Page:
(1) Now Sarai, Abram's wife had borne him no children, and she had an Egyptian maid whose
name was Hagar. (2) So Sarai said to Abram, "Now behold, the LORD has prevented me from
bearing children. Please go in to my maid; perhaps I will obtain children through her." And
Abram listened to the voice of Sarai. (3) After Abram had lived ten years in the land of
Canaan, Abram's wife Sarai took Hagar the Egyptian, her maid, and gave her to her husband
Abram as his wife. (Genesis 16:1-3 NASB)
Since the handmaid was given to Sarai, Abram could not just take her; Hagar, a bondwoman,
was Sarai's possession, so only Sarai could release Hagar to Abram. When she did, Hagar
became Abram's bondwoman wife (Genesis 16:3). In those days, women could be free women
or bondwomen, free wives or bond wives. Sarai was free, and Hagar was bond. This is an
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February 2012
important distinction that, as we will see, is vital in order to properly understand Paul's
After Hagar conceived, Sarai detected that she was despised by Hagar, so she complained to
Abram; but since Hagar was Sarai's possession, he told her to do what was good in her sight.
When Sarai treated Hagar harshly, Hagar fled to a spring of water in the wilderness on the way
to Shur between Kadesh and Bered. [Shur is another important aspect of the story that will be
taken up later.] An angel of the Lord met Hagar, told her to return to Sarai, and gave her a
further word.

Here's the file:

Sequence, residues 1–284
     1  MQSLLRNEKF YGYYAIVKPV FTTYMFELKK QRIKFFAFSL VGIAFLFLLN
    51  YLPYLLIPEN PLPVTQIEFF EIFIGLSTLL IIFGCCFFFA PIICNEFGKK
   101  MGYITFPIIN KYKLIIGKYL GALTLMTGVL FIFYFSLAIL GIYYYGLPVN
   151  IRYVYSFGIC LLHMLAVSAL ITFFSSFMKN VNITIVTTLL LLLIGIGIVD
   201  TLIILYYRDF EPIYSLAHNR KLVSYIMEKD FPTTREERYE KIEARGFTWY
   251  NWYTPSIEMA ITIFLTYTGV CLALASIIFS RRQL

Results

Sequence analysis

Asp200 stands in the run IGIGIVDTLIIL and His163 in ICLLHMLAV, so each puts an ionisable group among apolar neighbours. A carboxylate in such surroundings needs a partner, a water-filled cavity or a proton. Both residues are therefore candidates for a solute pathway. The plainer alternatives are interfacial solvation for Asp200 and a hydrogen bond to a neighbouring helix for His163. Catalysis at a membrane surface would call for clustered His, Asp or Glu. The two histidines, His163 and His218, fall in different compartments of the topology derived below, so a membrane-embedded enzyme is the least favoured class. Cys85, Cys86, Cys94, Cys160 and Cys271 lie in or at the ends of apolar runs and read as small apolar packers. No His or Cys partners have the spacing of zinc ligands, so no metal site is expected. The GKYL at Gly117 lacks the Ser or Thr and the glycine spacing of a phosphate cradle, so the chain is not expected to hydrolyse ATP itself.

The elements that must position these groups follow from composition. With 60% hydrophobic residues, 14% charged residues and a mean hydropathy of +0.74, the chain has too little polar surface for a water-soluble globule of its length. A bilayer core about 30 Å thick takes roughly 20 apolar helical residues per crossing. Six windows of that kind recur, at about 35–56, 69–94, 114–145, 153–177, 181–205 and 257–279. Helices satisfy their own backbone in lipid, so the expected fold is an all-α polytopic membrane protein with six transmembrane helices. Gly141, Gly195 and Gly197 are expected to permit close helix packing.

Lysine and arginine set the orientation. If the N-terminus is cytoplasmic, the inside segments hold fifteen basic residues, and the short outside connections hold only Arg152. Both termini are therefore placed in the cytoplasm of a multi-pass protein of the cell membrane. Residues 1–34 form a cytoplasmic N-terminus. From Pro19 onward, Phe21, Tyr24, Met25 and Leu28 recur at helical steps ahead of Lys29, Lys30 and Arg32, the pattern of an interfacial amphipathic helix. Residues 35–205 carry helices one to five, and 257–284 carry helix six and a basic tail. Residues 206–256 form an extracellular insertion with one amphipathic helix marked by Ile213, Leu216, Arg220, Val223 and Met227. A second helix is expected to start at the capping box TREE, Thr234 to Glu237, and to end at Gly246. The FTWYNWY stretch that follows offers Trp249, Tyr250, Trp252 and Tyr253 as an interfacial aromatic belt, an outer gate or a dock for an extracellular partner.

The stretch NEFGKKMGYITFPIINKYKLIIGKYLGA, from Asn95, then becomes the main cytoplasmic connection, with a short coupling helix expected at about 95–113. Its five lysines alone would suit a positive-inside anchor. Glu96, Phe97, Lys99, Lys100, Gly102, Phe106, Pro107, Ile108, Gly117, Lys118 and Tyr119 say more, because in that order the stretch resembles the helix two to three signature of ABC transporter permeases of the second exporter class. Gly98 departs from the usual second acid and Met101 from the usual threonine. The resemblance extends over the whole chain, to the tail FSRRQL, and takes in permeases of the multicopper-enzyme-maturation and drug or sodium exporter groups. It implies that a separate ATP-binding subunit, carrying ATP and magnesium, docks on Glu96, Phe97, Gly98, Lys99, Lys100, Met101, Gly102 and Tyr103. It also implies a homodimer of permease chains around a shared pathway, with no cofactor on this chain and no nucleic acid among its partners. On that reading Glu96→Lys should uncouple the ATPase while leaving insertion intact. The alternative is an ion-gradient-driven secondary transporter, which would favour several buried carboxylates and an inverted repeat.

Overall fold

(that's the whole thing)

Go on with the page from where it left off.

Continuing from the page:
(11) The angel of the LORD said to her further, "Behold, you are with child, and you will bear
a son; and you shall call his name Ishmael, because the LORD has given heed to your
affliction. (12) He will be a wild donkey of a man, His hand will be against everyone, and
everyone's hand will be against him; and he will live to the east of all his brothers." (Genesis
16:11-12 NASB)
Hagar returned to Abram and bore him a son when he was 86 years of age (Genesis 16:16). For
the next 13 years, Abram and Sarai undoubtedly thought that Ishmael was the son promised by
the Lord. But then the Lord appeared to Abram, confirmed His covenant with Abram, and
changed his name to Abraham.
(4) "As for Me, behold, My covenant is with you, and you will be the father of a multitude of
nations. (5) No longer shall your name be called Abram, but your name shall be Abraham; for
I have made you the father of a multitude of nations. (6) I will make you exceedingly fruitful,
and I will make nations of you, and kings will come forth from you." (Genesis 17:4-6 NASB)
Then the Lord gave Abraham a heavenly jolt, so to speak.
(15) Then God said to Abraham, "As for Sarai your wife, you shall not call her name Sarai, but
Sarah shall be her name. (16) I will bless her, and indeed I will give you a son by her. Then I
will bless her, and she shall be a mother of nations; kings of peoples will come from her.'
(Genesis 17:15-16 NASB)
According to Abraham's natural mind, this was a physical impossibility. How could a child be
born to a man that was 100 and a wife that was 99? But God!
We might be tempted to think that Abraham turned against his firstborn son in favor of Isaac,
the son of promise, but this is not true. Ishmael was Abraham's firstborn son, and he loved him.
(18) And Abraham said to God, "Oh that Ishmael might live before You!" (19) But God said,
"No, but Sarah your wife will bear you a son, and you shall call his name Isaac; and I will
establish My covenant with him for an everlasting covenant for his descendants after him.
(20) As for Ishmael, I have heard you; behold, I will bless him, and will make him fruitful and
will multiply him exceedingly. He shall become the father of twelve princes, and I will make